Spain: Sales Representatives are Entitled to Statutory Minimum Wage

1 February 2024 - Michael Fries

It is not always easy to distinguish between the different types of contracts in Spanish distribution law, especially between sales representatives (representante de comercio) and sales agents (agente comercial), as they both promote the distribution of goods or services for account of another person.

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However, distinguishing correctly and precisely between these legal figures is crucial, as they are governed by different mandatory regulations, which can not – or only to a very limited extend – be changed in the corresponding contract. Accordingly, these mandatory regulations have a significant impact when drafting the contract.

Under Spanish law, sales representatives have a special employment relationship regulated by a special royal decree. They are considered employees in terms of the Spanish labour and employment laws, even if their workplace is outside the company premises and even if they freely organise their work schedule. Their remuneration can be fixed, variable or both.

The last aspect – the remuneration of sales representatives – was recently the object of a landmark ruling of the Spanish Supreme Court, issued in order to unify existing case law.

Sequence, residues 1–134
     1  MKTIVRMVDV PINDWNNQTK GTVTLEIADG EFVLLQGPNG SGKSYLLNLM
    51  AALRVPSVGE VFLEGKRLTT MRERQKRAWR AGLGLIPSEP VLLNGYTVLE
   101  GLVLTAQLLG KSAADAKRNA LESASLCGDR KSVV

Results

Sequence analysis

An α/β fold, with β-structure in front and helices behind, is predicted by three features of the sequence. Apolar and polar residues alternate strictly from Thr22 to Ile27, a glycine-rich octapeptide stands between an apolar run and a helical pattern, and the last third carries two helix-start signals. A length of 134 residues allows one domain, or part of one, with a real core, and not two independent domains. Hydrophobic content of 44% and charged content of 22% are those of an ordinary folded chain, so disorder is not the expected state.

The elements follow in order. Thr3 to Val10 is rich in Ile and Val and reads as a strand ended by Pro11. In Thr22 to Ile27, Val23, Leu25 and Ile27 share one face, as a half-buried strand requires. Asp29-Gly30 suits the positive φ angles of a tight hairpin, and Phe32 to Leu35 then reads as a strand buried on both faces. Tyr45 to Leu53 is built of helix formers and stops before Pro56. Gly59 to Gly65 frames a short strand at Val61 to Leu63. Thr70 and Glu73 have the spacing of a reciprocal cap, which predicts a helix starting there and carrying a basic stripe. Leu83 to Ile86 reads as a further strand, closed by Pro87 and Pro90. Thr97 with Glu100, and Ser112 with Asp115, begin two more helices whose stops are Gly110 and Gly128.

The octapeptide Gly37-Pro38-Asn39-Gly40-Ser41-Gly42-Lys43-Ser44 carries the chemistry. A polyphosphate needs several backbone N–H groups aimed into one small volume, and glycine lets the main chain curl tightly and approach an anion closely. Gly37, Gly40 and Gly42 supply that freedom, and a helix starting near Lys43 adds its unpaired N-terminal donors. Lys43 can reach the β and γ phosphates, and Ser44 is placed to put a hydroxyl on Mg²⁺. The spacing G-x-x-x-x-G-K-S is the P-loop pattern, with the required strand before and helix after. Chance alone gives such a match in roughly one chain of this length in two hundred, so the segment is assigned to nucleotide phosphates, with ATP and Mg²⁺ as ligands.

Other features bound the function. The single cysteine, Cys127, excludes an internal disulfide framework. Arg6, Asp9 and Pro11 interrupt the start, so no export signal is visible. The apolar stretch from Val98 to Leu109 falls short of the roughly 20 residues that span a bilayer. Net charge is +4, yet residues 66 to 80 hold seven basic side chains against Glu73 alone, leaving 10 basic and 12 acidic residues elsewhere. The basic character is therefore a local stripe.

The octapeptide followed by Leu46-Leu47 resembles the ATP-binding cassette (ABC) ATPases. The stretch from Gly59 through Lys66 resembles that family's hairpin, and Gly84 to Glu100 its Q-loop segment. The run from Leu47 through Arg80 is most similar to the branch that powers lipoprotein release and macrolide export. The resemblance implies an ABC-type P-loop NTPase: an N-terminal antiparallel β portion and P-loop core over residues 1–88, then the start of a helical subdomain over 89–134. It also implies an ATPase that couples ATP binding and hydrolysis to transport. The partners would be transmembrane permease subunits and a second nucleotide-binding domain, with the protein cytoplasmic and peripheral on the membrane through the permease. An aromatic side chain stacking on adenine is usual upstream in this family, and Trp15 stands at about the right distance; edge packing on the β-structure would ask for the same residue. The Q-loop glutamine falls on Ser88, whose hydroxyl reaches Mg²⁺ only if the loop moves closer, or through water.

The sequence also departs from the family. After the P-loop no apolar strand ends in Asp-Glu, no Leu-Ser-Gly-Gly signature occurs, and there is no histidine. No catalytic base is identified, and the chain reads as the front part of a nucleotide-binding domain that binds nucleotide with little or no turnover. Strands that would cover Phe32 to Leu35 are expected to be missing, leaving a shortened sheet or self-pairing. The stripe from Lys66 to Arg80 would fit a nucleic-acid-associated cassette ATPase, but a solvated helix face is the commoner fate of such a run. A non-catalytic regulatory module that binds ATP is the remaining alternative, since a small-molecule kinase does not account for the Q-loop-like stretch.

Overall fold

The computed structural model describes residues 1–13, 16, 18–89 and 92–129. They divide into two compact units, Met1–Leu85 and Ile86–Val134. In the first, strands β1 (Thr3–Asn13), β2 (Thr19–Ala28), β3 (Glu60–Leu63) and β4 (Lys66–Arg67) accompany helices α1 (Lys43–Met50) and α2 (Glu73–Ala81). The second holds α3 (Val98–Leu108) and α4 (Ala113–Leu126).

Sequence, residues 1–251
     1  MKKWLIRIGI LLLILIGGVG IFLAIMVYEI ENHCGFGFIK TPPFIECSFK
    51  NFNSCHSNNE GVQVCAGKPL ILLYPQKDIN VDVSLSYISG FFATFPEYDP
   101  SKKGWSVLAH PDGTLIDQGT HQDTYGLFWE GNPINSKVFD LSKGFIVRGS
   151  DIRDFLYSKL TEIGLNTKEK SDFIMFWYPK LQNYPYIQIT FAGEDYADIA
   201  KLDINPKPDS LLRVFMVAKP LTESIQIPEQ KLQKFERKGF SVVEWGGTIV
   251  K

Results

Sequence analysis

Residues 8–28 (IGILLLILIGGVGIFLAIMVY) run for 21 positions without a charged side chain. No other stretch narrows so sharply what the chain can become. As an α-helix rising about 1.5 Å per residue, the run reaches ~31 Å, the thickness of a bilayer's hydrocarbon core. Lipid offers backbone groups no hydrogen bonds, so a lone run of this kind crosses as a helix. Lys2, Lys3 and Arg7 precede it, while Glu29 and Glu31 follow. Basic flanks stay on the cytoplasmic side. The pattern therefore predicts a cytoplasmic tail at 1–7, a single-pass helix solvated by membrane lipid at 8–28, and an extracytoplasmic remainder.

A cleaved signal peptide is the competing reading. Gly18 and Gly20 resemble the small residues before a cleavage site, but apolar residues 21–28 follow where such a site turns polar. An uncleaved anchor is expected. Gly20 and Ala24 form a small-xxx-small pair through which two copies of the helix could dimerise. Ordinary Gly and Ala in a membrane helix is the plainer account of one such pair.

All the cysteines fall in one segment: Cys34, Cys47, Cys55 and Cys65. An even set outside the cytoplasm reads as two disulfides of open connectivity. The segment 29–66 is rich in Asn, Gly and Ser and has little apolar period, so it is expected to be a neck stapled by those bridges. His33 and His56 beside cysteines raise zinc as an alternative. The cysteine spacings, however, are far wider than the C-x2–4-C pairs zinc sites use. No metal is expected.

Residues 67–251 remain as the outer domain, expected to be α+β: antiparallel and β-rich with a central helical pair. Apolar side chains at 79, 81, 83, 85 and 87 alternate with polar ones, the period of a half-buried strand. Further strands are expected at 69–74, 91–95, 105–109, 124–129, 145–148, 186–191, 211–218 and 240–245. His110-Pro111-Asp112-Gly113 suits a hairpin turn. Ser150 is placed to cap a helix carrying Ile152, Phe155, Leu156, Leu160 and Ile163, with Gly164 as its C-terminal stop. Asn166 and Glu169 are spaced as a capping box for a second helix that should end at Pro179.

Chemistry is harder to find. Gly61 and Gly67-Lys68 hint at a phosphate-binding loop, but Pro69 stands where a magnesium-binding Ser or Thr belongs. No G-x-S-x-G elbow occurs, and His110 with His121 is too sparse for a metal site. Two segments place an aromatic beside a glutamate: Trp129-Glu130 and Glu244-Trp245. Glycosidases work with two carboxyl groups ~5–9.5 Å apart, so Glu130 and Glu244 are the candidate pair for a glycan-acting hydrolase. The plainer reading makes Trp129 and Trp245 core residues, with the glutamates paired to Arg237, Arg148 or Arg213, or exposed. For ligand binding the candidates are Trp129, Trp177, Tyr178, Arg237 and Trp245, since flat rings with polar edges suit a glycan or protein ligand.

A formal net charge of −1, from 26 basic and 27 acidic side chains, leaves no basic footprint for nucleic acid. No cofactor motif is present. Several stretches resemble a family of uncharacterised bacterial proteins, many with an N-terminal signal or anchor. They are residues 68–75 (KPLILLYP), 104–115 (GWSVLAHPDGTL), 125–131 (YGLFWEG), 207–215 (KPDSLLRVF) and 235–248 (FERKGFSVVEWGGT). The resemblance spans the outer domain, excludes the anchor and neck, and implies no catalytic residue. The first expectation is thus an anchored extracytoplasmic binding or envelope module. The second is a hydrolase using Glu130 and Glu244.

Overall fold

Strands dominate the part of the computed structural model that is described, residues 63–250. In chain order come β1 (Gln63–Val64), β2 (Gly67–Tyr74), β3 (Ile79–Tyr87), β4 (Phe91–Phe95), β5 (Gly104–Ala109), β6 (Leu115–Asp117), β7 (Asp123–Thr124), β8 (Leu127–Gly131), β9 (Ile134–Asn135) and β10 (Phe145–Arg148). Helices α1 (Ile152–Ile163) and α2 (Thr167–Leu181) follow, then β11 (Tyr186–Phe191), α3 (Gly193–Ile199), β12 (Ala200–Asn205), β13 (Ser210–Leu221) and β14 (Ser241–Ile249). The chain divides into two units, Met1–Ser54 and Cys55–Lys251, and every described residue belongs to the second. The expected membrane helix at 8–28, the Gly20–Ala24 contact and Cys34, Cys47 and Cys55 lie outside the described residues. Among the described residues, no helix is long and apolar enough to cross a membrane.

A sales representative brokering insurance contracts had brought an action against the notice of dismissal issued by the insurance company. The dismissal was declared unfair, entitling the sales representative to a severance payment. In order to calculate such payment, the sales representative’s salary had to be determined. The employment contract stipulated a “daily salary” of EUR 32.99, consisting of the average fixed salary and the average additional commissions paid, while Spanish labour laws foresee a minimum daily salary of EUR 36.43.

The Spanish Supreme Court confirmed the ruling of the court of appeal and unified the existing case law by establishing that sales representatives, even though they are subject to special laws, are entitled to receive the minimum salary stipulated by the general labour legislation.

According to the Spanish Supreme Court, such entitlement to the minimum salary is founded, on the one hand, on the fundamental right to sufficient remuneration laid down in article 35 of the Spanish Constitution, and on the other hand, on the provisions of the European Directive on Adequate Minimum Wages of 19 October 2022. Furthermore, the royal decree, which regulates the special employment relationship of sales representatives, also makes references to the Spanish Workers’ Statute as far as the essential contractual conditions are concerned, which, in turn, provide for the mandatory application of minimum wages.

Currently, in Spain, the legal minimum wage is EUR 37.80 per day, and, in Germany, EUR 12.41 per hour.